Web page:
2014 Phillies Report Card: Ken Giles
Ken Giles pitched the first 45.2 innings of his Major League career in 2014, which is about 60% of a full season for a reliever. We can’t really draw any meaningful conclusions from a sample size that small. Sure, we could run through all the awesome highlights from Giles’ statistics in those 45.2 innings – for example, the fact that of 171 relievers who pitched 40 innings or more, Giles was seventh in K% at 38.6%, behind Aroldis Chapman (a ridiculous 52.5%), Andrew Miller and Brad Boxberger (42.6% and 42.1%, both also completely ridiculous), Dellin Betances and Wade Davis (39.6% and 39.1%) and Craig Kimbrel (38.9%). Or we could talk about his K-BB% of 31.9%, which was sixth behind Chapman, Miller, Sean Dollittle, Boxberger, and Betances (and better than Davis, Kenley Jansen, Greg Holland, Koji Uehara, Kimbrel, and David Robertson). Since this report card is supposed to be an evaluation of the player’s performance this season, that kind of analysis is warranted. OK, fine.
|Rank (of 171 RP with 40+ IP)||3rd||3rd||7th||5th||7th||49th||6th||5th|
Any way we slice it, Giles had a fantastic season in 2014. He struck out everybody, didn’t walk nearly as many batters as he did in the minors, and the ERA retrodictors indicate his performance is backed up by his skills. I don’t want to go any further with the numbers now, and if you want more, Bill already did some good statistical analysis in this August 20 article. I want to step away from the nerdtastic data analysis we usually do, just for a moment, to take a longer-angle view of Giles and how he symbolizes the next era of Phillies baseball.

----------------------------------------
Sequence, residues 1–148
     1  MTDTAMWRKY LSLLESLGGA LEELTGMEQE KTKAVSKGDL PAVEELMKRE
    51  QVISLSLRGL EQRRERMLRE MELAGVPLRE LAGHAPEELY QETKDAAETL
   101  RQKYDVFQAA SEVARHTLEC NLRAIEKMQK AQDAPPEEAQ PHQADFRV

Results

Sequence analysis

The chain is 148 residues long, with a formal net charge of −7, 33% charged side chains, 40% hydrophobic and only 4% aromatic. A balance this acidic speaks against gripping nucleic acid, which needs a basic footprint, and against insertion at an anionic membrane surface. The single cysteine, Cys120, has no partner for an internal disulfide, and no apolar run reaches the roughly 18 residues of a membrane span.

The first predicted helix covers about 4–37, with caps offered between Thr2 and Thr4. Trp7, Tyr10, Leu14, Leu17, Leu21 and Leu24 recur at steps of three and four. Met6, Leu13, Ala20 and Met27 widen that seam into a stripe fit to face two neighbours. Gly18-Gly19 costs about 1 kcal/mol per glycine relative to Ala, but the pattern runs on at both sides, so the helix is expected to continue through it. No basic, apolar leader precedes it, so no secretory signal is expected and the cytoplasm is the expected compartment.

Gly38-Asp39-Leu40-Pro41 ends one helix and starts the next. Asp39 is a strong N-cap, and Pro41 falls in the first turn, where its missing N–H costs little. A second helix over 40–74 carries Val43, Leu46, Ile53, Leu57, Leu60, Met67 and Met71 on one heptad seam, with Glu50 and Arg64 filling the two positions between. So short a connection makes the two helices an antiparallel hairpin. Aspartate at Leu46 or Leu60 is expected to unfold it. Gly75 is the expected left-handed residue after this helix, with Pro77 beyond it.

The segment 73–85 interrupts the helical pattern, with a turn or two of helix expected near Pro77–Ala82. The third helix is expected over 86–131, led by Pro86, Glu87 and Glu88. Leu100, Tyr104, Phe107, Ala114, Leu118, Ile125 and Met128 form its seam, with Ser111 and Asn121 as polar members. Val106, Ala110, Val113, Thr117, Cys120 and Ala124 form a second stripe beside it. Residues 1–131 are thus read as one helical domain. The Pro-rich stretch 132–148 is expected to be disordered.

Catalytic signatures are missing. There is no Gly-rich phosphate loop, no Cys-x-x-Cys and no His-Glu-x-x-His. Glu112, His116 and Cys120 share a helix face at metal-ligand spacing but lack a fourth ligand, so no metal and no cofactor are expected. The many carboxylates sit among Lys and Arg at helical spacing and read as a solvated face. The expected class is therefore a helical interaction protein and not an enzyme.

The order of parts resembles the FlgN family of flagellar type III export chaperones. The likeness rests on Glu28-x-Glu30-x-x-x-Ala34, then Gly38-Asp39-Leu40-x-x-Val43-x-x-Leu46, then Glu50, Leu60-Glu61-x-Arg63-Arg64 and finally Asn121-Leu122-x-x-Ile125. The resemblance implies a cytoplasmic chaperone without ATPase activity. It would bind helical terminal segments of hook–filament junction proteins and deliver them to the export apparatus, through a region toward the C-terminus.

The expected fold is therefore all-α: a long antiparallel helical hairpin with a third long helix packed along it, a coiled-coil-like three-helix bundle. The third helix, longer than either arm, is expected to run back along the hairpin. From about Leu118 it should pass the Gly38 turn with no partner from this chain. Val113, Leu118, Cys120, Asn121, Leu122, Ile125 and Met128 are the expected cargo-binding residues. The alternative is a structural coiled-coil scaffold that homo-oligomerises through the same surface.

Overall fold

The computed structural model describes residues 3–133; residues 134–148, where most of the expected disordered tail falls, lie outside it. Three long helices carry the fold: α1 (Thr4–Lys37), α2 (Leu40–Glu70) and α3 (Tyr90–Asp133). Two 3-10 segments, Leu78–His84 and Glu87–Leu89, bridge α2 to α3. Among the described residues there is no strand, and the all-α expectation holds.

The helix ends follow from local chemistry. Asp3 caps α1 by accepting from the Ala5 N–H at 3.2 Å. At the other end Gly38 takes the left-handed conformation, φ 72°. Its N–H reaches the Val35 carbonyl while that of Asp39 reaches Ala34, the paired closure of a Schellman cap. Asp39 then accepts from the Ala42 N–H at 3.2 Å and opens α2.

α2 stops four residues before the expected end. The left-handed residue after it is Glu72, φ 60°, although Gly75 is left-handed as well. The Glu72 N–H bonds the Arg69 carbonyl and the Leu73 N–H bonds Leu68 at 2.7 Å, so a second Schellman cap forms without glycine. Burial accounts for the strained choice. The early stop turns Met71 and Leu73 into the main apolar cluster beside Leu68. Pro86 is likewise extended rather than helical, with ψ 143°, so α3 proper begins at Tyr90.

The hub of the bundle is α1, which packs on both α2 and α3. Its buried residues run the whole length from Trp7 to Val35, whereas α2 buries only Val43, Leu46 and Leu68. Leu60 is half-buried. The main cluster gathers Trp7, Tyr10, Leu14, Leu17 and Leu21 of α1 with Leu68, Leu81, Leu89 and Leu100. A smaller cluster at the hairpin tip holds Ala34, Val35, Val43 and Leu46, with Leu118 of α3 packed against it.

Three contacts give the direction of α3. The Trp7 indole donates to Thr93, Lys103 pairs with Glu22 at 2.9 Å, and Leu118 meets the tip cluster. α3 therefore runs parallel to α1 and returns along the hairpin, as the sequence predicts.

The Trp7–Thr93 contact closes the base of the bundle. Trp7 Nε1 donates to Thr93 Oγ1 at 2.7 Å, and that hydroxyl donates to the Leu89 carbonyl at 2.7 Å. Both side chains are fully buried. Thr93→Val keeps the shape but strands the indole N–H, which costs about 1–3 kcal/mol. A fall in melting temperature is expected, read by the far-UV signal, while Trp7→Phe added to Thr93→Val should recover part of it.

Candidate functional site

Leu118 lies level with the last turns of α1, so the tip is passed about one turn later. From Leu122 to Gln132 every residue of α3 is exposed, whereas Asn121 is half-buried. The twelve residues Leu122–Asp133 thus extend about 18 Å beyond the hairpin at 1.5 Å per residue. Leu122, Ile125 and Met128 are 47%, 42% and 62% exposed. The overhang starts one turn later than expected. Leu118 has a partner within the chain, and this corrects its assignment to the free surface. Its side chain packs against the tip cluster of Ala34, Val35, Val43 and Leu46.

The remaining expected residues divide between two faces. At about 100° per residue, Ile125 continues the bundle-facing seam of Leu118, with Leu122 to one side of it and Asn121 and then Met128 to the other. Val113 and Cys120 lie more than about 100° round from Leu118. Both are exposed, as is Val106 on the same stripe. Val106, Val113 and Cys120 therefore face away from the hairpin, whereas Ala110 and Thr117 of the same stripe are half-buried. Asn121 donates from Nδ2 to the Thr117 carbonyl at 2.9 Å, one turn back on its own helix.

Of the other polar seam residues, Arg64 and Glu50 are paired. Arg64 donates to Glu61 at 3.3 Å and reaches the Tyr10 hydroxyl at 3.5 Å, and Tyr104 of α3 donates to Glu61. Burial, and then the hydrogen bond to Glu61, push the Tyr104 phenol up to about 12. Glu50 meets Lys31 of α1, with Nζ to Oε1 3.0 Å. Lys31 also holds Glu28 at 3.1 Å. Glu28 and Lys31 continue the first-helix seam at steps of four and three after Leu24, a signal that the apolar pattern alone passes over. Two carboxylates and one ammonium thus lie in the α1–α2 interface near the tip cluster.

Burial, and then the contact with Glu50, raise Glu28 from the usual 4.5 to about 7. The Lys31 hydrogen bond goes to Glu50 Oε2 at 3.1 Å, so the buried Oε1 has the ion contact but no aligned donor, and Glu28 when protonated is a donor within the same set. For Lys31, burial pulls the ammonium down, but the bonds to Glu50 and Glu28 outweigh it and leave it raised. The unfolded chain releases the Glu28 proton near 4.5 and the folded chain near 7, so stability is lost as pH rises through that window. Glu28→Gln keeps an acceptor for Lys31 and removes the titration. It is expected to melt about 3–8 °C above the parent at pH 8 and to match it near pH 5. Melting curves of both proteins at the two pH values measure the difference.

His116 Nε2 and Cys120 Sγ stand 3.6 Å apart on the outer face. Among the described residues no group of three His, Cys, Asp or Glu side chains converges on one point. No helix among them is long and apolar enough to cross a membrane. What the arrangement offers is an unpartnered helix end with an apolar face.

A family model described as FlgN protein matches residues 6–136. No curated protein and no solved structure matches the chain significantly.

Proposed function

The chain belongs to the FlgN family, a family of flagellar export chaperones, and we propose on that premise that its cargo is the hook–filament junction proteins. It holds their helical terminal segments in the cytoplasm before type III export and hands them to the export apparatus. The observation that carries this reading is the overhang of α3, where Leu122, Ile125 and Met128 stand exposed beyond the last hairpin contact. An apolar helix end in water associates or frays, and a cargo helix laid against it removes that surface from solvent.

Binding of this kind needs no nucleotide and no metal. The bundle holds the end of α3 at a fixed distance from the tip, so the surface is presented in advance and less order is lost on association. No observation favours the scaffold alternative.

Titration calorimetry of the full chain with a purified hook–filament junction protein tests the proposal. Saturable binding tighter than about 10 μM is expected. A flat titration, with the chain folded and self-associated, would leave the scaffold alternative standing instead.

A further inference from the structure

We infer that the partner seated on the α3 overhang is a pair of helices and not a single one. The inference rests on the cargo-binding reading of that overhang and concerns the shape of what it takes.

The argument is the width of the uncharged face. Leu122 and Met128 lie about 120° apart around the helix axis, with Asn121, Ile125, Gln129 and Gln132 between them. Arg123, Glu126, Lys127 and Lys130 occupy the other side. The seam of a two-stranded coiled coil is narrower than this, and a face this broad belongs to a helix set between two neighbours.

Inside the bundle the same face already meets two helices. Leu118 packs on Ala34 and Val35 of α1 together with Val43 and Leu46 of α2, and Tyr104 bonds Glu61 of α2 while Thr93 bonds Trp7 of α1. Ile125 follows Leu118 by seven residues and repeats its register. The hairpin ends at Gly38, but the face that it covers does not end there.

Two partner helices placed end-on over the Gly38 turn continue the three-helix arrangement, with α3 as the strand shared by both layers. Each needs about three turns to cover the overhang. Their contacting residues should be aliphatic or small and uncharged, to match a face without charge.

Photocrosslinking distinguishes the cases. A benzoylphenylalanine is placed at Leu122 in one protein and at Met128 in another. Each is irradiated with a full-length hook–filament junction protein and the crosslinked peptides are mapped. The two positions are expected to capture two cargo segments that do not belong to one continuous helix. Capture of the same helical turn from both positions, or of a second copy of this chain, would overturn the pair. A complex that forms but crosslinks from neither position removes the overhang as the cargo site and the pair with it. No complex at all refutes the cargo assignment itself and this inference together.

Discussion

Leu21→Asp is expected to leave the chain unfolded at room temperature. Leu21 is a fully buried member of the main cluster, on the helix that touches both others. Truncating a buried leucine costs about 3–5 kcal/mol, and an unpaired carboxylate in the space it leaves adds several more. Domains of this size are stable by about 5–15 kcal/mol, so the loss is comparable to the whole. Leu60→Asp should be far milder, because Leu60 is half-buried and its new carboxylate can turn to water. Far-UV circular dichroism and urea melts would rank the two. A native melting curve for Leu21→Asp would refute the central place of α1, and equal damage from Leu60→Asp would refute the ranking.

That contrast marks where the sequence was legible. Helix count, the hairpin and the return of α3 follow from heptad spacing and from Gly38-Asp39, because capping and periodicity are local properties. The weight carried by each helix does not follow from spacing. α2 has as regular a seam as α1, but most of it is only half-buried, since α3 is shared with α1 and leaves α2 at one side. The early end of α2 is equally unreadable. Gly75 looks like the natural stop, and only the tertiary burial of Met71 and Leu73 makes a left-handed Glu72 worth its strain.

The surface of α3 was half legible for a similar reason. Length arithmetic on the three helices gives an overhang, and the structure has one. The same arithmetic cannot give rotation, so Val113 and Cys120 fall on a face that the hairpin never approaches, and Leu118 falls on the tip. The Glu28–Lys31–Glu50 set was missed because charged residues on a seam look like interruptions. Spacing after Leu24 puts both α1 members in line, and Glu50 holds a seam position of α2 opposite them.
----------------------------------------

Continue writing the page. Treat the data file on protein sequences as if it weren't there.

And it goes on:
Ken Giles is 24 years old and will pitch his age-24 season in 2015. He’s under club control for six seasons, so he can’t be a free agent until after the 2020 season. He throws a 98 MPH fastball (that’s average velocity, by the way) and an 87 MPH slider. Good gravy, that’s some serious heat. His profile at Brooks Baseball is breathtaking:
His fourseam fastball is blazing fast, generates more whiffs/swing compared to other pitchers’ fourseamers and results in somewhat more groundballs compared to other pitchers’ fourseamers. His slider generates an extremely high number of swings & misses compared to other pitchers’ sliders, is a real worm killer that generates an extreme number of groundballs compared to other pitchers’ sliders, is much harder than usual and has primarily 12-6 movement.BrooksBaseball.net
So, yeah. He’s pretty awesome. He’s cheap and young and he’s a Phillie. Ken Giles is one of the reasons we should all feel good about this offseason and the current rebuilding period. A seventh-round draft pick from the ABQ, Giles was always known for a big fastball, but it was his work to significantly improve his slider that has made him the Phillies’ best relief pitcher. Credit the Phillies’ scouting and development departments, and thank Brad Lidge, Justin De Fratus, and IronPigs pitching coach Ray Burris for helping Giles unlock this beast.